Sunday, 31 July 2011

Another Higginson-Tranter Masterclass

With barely any change in strength, the wind remained at about 10 knots in the unfamiliar South Easterly direction, and at the time of leaving home (06:00) the sky was totally obscured by clouds. In the cemetery, Willow Warblers were showing all over the place with just a couple of Blackcaps and the Coal Tit (s) continued to sing from the huge ornamental fir trees.

Radipole produced nothing, and by the time I reached the Town Bridge to catch the first (07:27) bus to Portland the cloud cover had reduced to half. Still buzzing from yesterday's eye opener at the hands of 'The Fungal Punk', and knowing the Higginson-Tranter's were still at large at The Bill there was simply no way I was going to miss the chance of a second, enlightening foray.

By the time the Observatory was reached, John Lucas (Moth Monitor in the absence of the Warden) had already emptied the traps of a relatively poor catch, but he had kept a couple of specimens aside for me to photograph including Rosy Footman and

Common Emerald

Other members of the group were making a 'bit of a meal' over breakfast, but I was quite happy to watch Rosy Morgan (The Profs wife) remove a Sedge Warbler from on of the mist nets and after ringing it allowing a number of us to photograph it. There were also a few characters there who only appear on an 'annual basis' including Dan Pointon who I am always pleased to catch up with.

Finally, we were all ready to go with our first target being Down Shieldbug a tiny, tiny creature that only a trained eye would detect, but one was soon in the specimen pot and quickly released after good views.

Pale Flax and
this Eye Bright Species are both seen every year by me but shamefully I pay them scant regard, today was the exception as we all examined them via a powerful magnifying glass, you could have been on Mars!

Six-spot Burnet Moths were literally emerging around us as Dave pointed out yet another new species to me

Hoary Plantain followed by a brief explanation as to the difference between

Spear and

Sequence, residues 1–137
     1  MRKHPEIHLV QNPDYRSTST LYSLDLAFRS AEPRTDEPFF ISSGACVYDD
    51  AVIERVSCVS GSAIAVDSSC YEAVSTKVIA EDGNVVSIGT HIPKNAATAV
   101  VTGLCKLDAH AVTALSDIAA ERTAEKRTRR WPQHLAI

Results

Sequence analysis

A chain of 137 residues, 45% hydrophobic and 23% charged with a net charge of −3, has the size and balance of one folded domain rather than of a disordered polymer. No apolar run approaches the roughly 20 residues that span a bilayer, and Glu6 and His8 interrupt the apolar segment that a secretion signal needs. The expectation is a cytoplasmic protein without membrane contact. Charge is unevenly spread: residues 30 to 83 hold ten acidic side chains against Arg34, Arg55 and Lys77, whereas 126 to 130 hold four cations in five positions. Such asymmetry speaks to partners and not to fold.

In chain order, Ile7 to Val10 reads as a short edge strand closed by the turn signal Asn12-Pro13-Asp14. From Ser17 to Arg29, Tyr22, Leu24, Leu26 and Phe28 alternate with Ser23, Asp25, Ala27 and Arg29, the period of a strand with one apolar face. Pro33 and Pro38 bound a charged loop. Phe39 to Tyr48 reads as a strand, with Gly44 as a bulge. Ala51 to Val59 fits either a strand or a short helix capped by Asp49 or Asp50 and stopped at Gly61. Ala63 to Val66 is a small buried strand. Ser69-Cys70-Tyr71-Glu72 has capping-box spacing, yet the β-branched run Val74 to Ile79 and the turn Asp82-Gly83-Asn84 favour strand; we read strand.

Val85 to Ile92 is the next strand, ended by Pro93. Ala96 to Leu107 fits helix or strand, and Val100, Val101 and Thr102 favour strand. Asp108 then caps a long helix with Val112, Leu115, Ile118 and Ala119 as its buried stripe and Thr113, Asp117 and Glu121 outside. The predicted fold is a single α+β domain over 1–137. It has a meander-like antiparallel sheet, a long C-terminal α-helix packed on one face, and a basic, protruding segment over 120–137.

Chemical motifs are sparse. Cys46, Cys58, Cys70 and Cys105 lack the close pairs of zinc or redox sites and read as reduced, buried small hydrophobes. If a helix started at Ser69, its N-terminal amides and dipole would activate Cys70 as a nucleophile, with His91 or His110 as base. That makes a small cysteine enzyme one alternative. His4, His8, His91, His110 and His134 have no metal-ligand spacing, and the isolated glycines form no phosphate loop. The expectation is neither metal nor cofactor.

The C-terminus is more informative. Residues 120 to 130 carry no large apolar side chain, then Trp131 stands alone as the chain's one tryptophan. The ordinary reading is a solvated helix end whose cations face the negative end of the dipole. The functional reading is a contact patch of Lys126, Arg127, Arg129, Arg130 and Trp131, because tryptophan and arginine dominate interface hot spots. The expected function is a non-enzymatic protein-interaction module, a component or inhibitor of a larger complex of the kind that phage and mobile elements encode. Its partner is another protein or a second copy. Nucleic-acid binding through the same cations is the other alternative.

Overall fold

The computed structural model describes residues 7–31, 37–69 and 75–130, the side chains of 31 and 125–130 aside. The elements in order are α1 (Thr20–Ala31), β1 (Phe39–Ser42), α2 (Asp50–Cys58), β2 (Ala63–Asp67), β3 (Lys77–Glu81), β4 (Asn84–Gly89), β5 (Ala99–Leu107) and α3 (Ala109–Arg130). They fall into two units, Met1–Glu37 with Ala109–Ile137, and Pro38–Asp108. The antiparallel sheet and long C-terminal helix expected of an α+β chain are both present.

Dwarf Thistles

After our encounter yesterday with White-lipped banded Snail, today was the turn of a close relative Brown-lipped Banded Snail, at which point Dave sent up a loud cry of "BASTARD TOADFLAX". Most of us thought this may be the lyric of Dave's latest 'Punk' composition, but it is in fact a very small green plant which proved difficult (for me at least) to photograph.

The moment had now arrived where even Dave was stumped on a plant, the one on the right is Greater Centaury, but I bet he has the other sussed before bedtime!

We (um Dave) then found this Long-winged Conehead

and you couldn't help but marvel at the length of antennae on such a small insect, but it was now time to cut down to the sea-shore where we hoped to find Blue-rayed Limpet.

On the way we saw what has become an increasingly rare sight over the past couple of decades,

Spear Fishermen, a Scotsman left with his Spanish mate had seen a little success today with these Bass.

Dave & Simon started the search among the washed up Kelp at Small Beach

while the rest of us (Gill, Deborah, Patie & Katie) HELPED by keeping an eye on them. None were found, but it was thought worthwhile to publish this photo 'blagged' from Wikepedia.

Blue-rayed Limpet I will be making further searches in the future.

Dave shows Simon a fine example of Thong Weed while a little further along the coast

I found my own, in fact masses of it.

Time and, I think patience, was now getting a little short as the Punk transformed to Glam and decided to show us his Alice Cooper wig impression,

while daughter Katie demonstrated something far more special. She has been an accomplished Gymnast since childhood and made her first International appearance in the United States at the tender age of 9 years!

Additionally, she is about to embark on what her Mum Gill describes as a 3 weeks 'Martial Arts Boot Camp' in the Brecon Beacons, Wales

prior to her attempt to achieve a 'Black Belt' in Karate - no wonder I've been so nice to her all weekend. The Very Best of Luck Katie!

Despite the absence of the Limpets, there was one final bonus by way of the most unusual

Shore Clingfish also known as Cornish Lumpsucker.

Not needing to be immersed in water to survive, this one was found under a rock and was gently transferred to a small rock pool to allow these photographs before being return to its home.

There was also a Black (Shore) Crab, and finally we took a look at what is , Nationally, the rarest plant we saw today.

Portland Sea-lavender is easy to find along this stretch of sea-cliffs, but its rarity value comes when it is reveled that this plant is found nowhere else on Earth.

I think it safe to speak for everyone when thanking the Higginson-Tranters for sharing their wealth on wild-life knowledge, and particularly for sharing it with us. Hurry back!

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